With Los Angeles now the clear frontrunner to replace Boston as the American candidate for the 2024 Summer Olympic Games, officials have released a 218-page document detailing the city's draft bid.
According to a financial analysis compiled by LA2024, the organizing committee behind the $4.1-billion plan, the majority of costs would be shouldered by contributions from the International Olympic Commitee and private-sector partners. The bid book goes on to project that the proposed Los Angeles games would generate an approximately $161-million surplus.
Noting that Los Angeles is a "showcase of diversity and inclusion of the people and cultures of the world," the LA2024 bid seeks to incorporate the myriad changes currently transforming the city, including revitalized neighborhoods, an expanding passenger rail network, new venues and the restoration of the Los Angeles River.
The plan calls for the vasty majority of events to occur in five clusters, including Downtown Los Angeles, Hollywood, the Westside, the San Fernando Valley and the South Bay. LA2024 places a strong emphasis on utilizing existing venues owned by private operators.
Additional events outside of the five primary clusters would occur at the Rose Bowl, the Inglewood Forum, Lake Casitas, and near the Los Angeles - Long Beach Harbor complex.
Downtown Los Angeles
Downtown Los Angeles, with its ample cultural institutions, restaurants and nightlife, serves a key role in the LA2024 proposal. The cluster would divided into two primary hubs: one near LA Live, and a second centered around Exposition Park and the University of Southern California.
The LA Live cluster makes use of large venues scattered throughout the Sports and Entertainment District, including Staples Center, the Microsoft Theater and the Los Angeles Convention Center.
Proposed events in this area would include gymnastics, basketball, fencing, judo and taekwondo.
Furthermore, as the nexus of the Los Angeles Metro Rail network, Downtown would also be expected to play as key role in mobility for spectators and athletes alike.
Exposition Park, which also features an abundance of existing venues, would host numerous events under LA2024's plan.
An upcoming stadium planned by the as-of-yet unnamed Los Angeles Football Club of Major League Soccer would host swimming, diving and sychronized swimming. The Galen Center and the nearby Shrine Auditorium would feature boxing and weightlifting respectively.
Like in the previous 1932 and 1984 games, the bid proposes that the Los Angeles Memorial Coliseum serve as the Olympic Stadium for the 2024 games.
However, the exact type of improvements proposed for the iconic venue are currently unclear. USC has announced plans for a $500 million upgrade to the facility, but have yet to reveal their exact intentions.
LA2024 sets aside $300 million in its budget for improvements to the Coliseum.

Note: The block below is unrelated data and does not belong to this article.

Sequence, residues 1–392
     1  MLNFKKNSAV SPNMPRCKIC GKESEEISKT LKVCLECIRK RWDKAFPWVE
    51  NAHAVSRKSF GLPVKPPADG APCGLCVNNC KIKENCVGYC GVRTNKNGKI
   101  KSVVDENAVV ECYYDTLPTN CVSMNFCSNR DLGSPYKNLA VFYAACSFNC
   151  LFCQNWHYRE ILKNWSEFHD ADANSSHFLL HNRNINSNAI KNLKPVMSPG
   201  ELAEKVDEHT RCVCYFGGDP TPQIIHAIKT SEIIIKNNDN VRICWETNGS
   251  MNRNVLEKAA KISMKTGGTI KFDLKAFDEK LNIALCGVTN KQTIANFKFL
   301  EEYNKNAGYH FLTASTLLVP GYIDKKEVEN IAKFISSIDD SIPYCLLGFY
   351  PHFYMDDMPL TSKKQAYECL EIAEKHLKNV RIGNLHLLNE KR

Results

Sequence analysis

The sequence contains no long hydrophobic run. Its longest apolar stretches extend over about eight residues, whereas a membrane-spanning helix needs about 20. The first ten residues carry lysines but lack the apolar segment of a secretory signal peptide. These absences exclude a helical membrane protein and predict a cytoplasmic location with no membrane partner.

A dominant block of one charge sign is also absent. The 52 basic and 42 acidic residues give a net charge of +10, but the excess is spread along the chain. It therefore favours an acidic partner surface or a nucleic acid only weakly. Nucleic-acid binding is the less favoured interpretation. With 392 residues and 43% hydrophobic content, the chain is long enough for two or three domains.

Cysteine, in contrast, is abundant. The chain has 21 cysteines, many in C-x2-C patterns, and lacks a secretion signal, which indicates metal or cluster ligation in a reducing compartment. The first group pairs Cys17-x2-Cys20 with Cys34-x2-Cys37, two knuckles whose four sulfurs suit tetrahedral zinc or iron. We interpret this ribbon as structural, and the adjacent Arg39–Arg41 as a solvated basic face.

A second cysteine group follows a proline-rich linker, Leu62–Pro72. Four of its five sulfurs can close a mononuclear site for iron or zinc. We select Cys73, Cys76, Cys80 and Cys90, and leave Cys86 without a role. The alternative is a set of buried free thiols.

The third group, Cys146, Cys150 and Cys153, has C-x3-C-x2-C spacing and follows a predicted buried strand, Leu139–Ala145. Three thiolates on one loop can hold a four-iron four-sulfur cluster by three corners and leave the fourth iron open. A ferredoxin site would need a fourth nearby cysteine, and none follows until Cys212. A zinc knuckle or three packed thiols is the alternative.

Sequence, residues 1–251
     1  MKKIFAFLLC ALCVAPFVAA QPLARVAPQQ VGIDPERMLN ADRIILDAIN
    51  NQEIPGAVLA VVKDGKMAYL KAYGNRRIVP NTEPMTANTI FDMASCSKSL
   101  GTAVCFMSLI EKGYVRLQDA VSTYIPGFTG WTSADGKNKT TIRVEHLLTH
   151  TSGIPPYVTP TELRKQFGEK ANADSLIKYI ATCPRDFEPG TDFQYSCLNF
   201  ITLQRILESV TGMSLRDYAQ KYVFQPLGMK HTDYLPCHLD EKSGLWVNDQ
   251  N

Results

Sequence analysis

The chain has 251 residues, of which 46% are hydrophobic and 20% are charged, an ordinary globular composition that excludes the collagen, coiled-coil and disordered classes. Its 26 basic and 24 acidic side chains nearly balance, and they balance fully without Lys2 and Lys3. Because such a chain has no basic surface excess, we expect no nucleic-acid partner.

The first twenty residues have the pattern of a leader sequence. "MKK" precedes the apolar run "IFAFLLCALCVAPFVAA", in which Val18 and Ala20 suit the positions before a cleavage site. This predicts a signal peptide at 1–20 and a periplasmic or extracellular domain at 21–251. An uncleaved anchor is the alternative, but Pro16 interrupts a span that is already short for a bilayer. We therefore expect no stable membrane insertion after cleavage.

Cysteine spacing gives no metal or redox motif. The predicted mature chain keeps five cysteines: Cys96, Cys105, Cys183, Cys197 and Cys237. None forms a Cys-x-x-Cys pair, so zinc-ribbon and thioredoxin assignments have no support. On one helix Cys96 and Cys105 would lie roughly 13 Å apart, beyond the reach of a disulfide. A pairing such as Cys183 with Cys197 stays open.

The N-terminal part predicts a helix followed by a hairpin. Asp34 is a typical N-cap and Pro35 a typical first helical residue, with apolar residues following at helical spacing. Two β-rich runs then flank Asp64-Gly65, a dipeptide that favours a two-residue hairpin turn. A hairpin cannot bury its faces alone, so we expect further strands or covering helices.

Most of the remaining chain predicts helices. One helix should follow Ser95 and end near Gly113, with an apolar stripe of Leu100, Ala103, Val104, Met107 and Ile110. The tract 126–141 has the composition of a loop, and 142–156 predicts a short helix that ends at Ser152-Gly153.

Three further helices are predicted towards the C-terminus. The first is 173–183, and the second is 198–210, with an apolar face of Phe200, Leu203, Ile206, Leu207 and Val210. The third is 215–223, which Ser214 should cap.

Hollywood, the iconic home of the city's signature industry, would provide a backdrop for numerous outdoor events under the LA2024 plan.
Hollywood Boulevard would host the start and finish lines for the Olympic marathon, walk and road cycling. Griffith Park, with its hilly terrain, would play host to mountain biking, BMX and golf.
San Fernando Valley Cluster
LA2024's plans for its San Fernando Valley Cluster would be concentrated in the Sepulveda Basin Recreation Area - a 2,000-acre expanse created by the U.S. Army Corp of Engineers. Proposed Olympic sports include archery, shooting, canoe, slalom, and the modern pentathlon.
The Coastal Cluster, like its Downtown counterpart, will consist of two hubs.
The first, located at Santa Monica Beach, will include Beach Volleyball, the Triathlon, skating and open water swimming.
A second cluster, centered around UCLA, will include preliminary basketball, field hockey, and water polo. Proposed venues on the UCLA campus include Pauley Pavilion, Drake Stadium and the LA Tennis Center.
South Bay Cluster
The South Bay Cluster, centered around the StubHub Center sports complex, would host rugby, tennis and cycling.
Proposed venues include the StubHub Center's soccer and tennis stadiums, as well as the VELO Sports Center.
LA2024 imagines a Los Angeles River-adjacent Olympic Village on a 125-acre expanse which currently houses operations for the Union Pacific Railroad. The Village - which is intended to house 16,500 athletes - would be centrally located amongst the five clusters. Roughly 94% of all sports would be located within 30 minutes travel time of the Village, and over 50% of sports would be located within 15 minutes.
It is expected that the Village would be developed through a public-private partnership and would feature community-based retail and public open space. Following the games, the residential units would be renovated and then sold or rentered according to market demand.
Conceptual renderings portray a series of high-rise and low-rise structures, interespersed by new roads and expansive green space.
Selection of the host city of the 2024 Olympic Games will occur in 2017.
- LA2024 Bid Book (LA2024)